Check out the latest content from Democracy at Work.
Check out the latest content from Democracy at Work!
Prof. Wolff identifies and examines the larger economic dimensions and trends of three key aspects of today's global economy: Russia/Ukraine war, Europe's quandary, and the decline of the US empire. Attention focuses on the immense direct and indirect costs of the war in Ukraine, on Europe's desperate position and choices caught between the US and China blocs in the world economy, and on how the US empire is responding to its decline in the world economy.
Wolff: “It's a system that can function at home but can't face that reality, pretending its problems are abroad and therefore causing its end to come sooner than it otherwise might.”
Dr. Fraad is joined by Prof. Wolff, host of Economic Update to discuss inflation and the collateral damage it has caused Americans. In the first part, Prof. Wolff explains what inflation is and the real reasons behind the rising prices. Dr. Fraad then explains what inflation means to the majority of people. She explores the personal, social and psychological effects the high cost of living has caused.
Fraad: "These are tragedies. They're a million little tragedies that are not publicized. They're not mentioned. This is the mass of American people who are collateral damage in our system."
Prof. Robles-Durán takes a closer look at the ever-growing migrant crisis along Mexico-US border cities and its critical socio-environmental implications. It is an issue of urgency, particularly given the humanitarian disaster, the heightened American security impositions, the neo-fascist retaliations from Texas and other Republican states, as well as the political ramifications at both sides of the border.
Robles-Durán: “Mexico has been told to use its military against the Latin American siblings that have also endured the imperialist and neoliberal impositions which have produced the economic and political crisis that most of the South is currently suffering- undoubtedly the primary reason that these waves of migrants are traveling north.”
A supporter of Democracy at Work asks: "Are any complex systems eternally homeostatic? Cyclic behavior is a euphemism for millions of people will lose their jobs and homes, quit school, etc. I don't think that anyone imagines an economic system sans fluctuations. That would be truly Utopian. Or dystopian rather because fluctuations can be rightly considered a healthy feature of complex systems. But my overall impression in listening to professor Wolff is that these instabilities are borne in no small measure from the fundamental tensions that constitute the employer/ employee relationship." This is Professor Richard Wolff's video response. To learn how to ask your own questions to Prof Wolff, click here.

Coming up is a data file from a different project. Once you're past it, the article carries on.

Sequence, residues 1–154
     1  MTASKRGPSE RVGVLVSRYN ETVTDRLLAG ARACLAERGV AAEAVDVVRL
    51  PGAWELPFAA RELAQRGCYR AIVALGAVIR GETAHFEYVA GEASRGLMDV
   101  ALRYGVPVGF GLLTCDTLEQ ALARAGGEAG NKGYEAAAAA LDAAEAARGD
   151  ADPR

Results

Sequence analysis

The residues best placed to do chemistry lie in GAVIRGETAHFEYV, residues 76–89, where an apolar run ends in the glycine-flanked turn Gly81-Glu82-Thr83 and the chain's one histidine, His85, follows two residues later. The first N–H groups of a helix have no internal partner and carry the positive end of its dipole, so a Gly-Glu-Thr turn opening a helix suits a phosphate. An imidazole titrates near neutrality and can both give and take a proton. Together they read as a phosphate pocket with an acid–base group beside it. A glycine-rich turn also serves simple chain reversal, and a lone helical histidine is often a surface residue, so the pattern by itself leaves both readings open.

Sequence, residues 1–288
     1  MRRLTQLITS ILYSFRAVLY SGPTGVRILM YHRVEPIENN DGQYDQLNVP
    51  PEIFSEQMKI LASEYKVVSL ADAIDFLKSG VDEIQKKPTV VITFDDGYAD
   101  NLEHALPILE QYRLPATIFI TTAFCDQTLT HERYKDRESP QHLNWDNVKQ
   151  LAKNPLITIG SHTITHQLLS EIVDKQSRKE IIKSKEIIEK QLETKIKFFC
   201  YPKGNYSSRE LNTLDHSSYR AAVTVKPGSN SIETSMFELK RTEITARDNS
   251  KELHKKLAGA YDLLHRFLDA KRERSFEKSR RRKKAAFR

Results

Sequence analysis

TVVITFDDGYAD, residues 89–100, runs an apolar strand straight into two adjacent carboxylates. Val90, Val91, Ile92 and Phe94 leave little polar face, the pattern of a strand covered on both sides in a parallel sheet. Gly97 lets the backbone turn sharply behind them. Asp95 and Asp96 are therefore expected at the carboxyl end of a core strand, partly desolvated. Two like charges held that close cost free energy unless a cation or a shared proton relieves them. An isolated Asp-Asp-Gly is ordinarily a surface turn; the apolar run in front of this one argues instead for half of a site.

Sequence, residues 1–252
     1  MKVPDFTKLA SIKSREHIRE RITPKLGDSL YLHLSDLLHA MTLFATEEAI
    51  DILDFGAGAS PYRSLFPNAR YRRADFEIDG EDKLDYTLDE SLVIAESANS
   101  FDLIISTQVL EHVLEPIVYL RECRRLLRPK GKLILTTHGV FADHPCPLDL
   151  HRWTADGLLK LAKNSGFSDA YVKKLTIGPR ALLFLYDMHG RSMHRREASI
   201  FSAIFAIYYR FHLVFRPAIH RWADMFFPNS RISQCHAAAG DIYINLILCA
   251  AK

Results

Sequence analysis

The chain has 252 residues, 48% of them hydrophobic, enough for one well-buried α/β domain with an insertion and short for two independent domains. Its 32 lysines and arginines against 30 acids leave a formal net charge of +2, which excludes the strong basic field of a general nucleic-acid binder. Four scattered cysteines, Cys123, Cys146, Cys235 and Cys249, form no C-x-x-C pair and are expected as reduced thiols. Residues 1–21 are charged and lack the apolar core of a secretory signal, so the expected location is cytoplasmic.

Wolff: “Every four to seven years, with or without a natural catastrophe, with or without a social catastrophe, we throw large numbers of people out of work. It is fundamentally irrational. It makes a joke, and a bad one, out of capitalism's claim to be efficient.”
A supporter of Democracy at Work asks: "Is capitalism a religion? Has it become the established religion of the United States?" This is Professor Richard Wolff's video response. To learn how to ask your own questions to Prof Wolff, click here.
Wolff: “The biggest intellectual movement of the 19th and 20th Century in Europe, and arguably here in the United States too, was a struggle between capitalism and all that it represented and the leftover of religion. That struggle resulted in the victory of capitalism and the defeat of existing religion, and by defeat, I mean the acceptance of traditional religion that the capitalists are going to rule the world and that all the religions can do is enact a kind of moderating force to make capitalism a little less harsh.”
Learn more about d@w latest book, Stuck Nation: Can the United States Change Course on Our History of Choosing Profits Over People?
by Bob Hennelly